Hollywood startup Nestdrop has launched a fundraising campaign. But unlike most fledgling technology firms, the app-based provider of alcohol and medical marijuana delivery services isn’t trying to fund a new project or expansion plans: It’s soliciting cash to pay its legal fees.

Nestdrop hopes to raise $70,000 in donations through crowdfunding website GoFundMe. The company, founded last summer, is asking medical marijuana patients, dispensaries, delivery services and other tech firms nationwide for financial help as it appeals a preliminary injunction against its medical marijuana delivery service.

“It’s hard enough starting a business as it is without a lawsuit, and we want to use our dollars to make the best product we can,” said co-founder Michael Pycher, explaining why the firm is seeking donations.

Los Angeles City Attorney Mike Feuer filed a lawsuit against Nestdrop in early December claiming the company and its co-founders were facilitating the illegal delivery of marijuana to homes and places of business throughout Los Angeles, in conflict with the city’s Proposition D. The ordinance reduced the number of medical marijuana businesses that may operate in the city, though it exempted some existing dispensaries if they complied with certain criteria.

Nestdrop countered that it wasn’t a dispensary, collective, grower or even a delivery service, but rather a technology platform connecting patients with local dispensaries.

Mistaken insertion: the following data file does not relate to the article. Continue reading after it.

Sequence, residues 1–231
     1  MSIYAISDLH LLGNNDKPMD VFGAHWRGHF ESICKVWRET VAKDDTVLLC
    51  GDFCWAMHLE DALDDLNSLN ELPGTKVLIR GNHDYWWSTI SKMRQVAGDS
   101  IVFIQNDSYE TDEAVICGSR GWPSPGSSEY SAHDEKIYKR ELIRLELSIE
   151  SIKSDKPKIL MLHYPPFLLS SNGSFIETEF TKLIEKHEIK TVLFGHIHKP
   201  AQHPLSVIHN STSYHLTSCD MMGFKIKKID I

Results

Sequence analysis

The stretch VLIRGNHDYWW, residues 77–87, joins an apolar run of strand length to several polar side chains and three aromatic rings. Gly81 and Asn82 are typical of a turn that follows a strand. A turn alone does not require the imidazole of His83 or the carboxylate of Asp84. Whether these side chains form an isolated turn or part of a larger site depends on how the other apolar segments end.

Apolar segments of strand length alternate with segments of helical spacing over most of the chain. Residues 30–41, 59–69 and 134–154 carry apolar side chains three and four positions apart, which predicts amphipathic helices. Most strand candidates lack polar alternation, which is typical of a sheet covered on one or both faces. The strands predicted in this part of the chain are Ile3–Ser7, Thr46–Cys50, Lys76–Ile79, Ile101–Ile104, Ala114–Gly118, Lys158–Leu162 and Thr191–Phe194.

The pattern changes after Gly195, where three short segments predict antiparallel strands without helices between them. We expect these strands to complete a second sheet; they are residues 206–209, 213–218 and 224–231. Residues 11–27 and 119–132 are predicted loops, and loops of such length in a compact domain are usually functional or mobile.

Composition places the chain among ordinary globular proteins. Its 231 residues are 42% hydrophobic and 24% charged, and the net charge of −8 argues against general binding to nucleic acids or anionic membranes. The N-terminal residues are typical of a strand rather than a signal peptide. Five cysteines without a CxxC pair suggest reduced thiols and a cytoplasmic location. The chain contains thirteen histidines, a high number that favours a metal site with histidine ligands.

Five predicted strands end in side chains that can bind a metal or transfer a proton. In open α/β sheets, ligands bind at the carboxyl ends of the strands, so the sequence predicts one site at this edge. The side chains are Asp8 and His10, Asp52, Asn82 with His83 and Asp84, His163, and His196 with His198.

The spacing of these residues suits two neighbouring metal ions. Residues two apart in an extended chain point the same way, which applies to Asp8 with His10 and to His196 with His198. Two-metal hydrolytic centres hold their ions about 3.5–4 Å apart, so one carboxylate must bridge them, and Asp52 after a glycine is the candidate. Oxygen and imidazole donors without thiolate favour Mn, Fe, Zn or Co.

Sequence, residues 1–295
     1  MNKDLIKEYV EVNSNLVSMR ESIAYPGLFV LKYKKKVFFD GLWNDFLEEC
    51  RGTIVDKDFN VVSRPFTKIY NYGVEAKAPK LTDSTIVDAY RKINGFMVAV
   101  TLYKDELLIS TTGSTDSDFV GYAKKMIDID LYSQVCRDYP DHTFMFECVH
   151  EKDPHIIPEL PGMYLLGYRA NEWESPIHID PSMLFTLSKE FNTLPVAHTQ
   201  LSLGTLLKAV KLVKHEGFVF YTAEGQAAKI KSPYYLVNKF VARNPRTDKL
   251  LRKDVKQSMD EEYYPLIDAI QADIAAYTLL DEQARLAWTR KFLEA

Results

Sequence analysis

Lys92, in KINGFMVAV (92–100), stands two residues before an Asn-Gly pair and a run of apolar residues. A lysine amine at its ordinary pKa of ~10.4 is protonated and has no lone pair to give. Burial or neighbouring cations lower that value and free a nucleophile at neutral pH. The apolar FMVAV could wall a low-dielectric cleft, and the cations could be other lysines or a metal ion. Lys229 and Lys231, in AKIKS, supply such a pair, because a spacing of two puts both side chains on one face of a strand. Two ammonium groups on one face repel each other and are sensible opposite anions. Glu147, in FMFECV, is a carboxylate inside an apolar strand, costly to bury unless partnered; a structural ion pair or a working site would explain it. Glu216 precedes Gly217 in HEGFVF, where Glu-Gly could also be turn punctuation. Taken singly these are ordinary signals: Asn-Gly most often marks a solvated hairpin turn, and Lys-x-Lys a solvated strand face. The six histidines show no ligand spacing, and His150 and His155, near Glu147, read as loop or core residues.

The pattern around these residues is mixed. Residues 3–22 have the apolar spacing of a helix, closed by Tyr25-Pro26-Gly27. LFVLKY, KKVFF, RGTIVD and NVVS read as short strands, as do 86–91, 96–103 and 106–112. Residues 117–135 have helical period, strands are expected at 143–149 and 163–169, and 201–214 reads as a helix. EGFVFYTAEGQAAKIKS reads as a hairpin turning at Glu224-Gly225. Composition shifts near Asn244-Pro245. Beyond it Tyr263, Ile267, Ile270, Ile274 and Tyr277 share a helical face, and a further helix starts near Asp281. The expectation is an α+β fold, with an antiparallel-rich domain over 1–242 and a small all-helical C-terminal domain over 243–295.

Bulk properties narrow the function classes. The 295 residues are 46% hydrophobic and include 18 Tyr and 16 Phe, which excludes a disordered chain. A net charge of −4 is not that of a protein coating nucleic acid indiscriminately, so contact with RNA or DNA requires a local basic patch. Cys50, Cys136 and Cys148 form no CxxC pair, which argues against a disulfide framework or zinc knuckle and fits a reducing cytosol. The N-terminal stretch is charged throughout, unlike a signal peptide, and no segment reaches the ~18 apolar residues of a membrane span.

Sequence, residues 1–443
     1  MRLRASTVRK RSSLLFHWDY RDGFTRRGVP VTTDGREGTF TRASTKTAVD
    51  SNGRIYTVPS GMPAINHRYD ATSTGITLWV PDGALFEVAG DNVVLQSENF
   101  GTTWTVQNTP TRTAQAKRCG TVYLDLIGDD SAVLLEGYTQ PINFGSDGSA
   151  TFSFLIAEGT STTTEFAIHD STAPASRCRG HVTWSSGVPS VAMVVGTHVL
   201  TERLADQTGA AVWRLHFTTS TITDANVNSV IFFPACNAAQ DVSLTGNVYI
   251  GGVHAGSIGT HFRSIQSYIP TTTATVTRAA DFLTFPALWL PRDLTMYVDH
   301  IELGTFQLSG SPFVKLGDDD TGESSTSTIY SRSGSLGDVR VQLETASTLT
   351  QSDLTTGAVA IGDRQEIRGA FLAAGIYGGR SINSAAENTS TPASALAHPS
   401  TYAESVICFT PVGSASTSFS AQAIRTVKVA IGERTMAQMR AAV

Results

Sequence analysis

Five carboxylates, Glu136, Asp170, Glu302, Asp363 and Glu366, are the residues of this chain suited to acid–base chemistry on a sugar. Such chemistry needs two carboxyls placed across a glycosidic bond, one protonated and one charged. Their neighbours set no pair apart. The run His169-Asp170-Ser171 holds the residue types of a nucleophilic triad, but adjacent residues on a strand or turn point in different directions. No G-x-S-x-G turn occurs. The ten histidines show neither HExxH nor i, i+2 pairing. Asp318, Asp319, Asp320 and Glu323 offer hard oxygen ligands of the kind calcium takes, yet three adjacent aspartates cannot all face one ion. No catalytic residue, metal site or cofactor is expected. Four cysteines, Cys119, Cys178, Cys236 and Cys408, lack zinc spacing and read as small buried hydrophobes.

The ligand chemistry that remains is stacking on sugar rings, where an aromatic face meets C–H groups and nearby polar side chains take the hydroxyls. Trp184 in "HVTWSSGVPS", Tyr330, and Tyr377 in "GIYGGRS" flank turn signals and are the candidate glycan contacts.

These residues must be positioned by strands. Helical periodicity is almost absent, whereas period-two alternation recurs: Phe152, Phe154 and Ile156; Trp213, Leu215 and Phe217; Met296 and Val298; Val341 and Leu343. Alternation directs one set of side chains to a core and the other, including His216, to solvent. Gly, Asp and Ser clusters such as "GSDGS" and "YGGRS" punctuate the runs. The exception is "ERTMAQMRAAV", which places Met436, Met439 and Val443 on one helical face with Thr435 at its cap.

A judge granted a preliminary injunction to Feurer’s office, and Nestdrop has since suspended its medical marijuana delivery services, though it is still handling alcohol deliveries in Los Angeles with plans to launch that part of the business soon in Orange County.

The company filed an appeal in Los Angeles Superior Court last month and sent a letter to Feuer seeking to open a dialogue and mend their relationship. Pycher said when Nestdrop didn’t receive a reply, it decided to raise cash for legal expenses.

The city attorney’s office could not be reached immediately for comment.

“We’re going up against the city with tax payer dollars to go against us,” Pycher said. “We’re not Uber and Airbnb. We’re not as well established as those companies.”

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